The film was choreographed in order to reflect David Lloyd’s noir styling he used in the comic. Dark scenes and gray tones give the feeling of a lifeless totalitarian government. The Shadow Gallery, V’s home in the comic book, was made completely by hand due to the lack of places with similar features. The Shadow Gallery is well built making it hard to tell if it truly exists. Anything of old culture that the government tried to erase like in the comic book are all contained inside V’s home with minor differences, but feels almost identical to the comic.

   The story of the movie does not take place after a globalnuclear war like in the comic book, but is separated by war and terrorism.  Great Britain is in shambles when the fascist reactionary force Norsefire comes to power.  Norsefire purges Great Britain from most of its woes but creates greater ones due to the loss of freedom.  The view of Norsefire quickly changes after a biological terrorist attack that kills a large number of people, allowing the group to seize total power.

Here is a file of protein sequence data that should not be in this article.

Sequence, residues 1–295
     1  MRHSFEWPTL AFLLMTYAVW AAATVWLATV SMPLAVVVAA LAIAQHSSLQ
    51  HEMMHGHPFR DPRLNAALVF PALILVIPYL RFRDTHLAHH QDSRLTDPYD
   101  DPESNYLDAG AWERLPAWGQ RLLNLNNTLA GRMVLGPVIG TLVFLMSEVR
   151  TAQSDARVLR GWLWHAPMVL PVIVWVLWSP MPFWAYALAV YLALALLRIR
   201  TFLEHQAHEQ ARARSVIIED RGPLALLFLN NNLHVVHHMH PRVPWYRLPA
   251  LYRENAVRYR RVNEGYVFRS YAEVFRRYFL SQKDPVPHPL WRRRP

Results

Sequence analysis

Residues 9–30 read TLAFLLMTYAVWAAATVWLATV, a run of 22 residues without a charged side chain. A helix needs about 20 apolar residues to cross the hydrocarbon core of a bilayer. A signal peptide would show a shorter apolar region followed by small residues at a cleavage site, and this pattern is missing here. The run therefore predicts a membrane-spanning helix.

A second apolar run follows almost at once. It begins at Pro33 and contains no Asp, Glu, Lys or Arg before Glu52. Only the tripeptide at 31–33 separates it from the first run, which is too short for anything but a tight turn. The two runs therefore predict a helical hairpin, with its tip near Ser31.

The film is full of Matrix like fight scenes that show the extent of V’s abilities. Action isn’t the main focus of V for Vendetta like it was in the Matrix, but shows the Wachowskis unique idea of action sequences. Hugo Weaving did an excellent performance as V despite his limitations of wearing the Guy Fawkes mask. His voice acting and body language helps visualize what V is feeling beneath the mask. Natalie Portman plays the film adaptation of Evey Hammond. She did well for the role considering she doesn’t quite fit the idea behind the comic book version of Evey. Portman is much older the Evey in the comic, and also does not fit the character of Evey well. The supporting characters appearedto have made up for the lack of accuracy in the film adaptation. All the roles are well played and the special effects are good for 2006. 

   V for Vendetta is worth watching even though to truly understand the movie I had to watch it a second time to understand the symbolism involved in the story.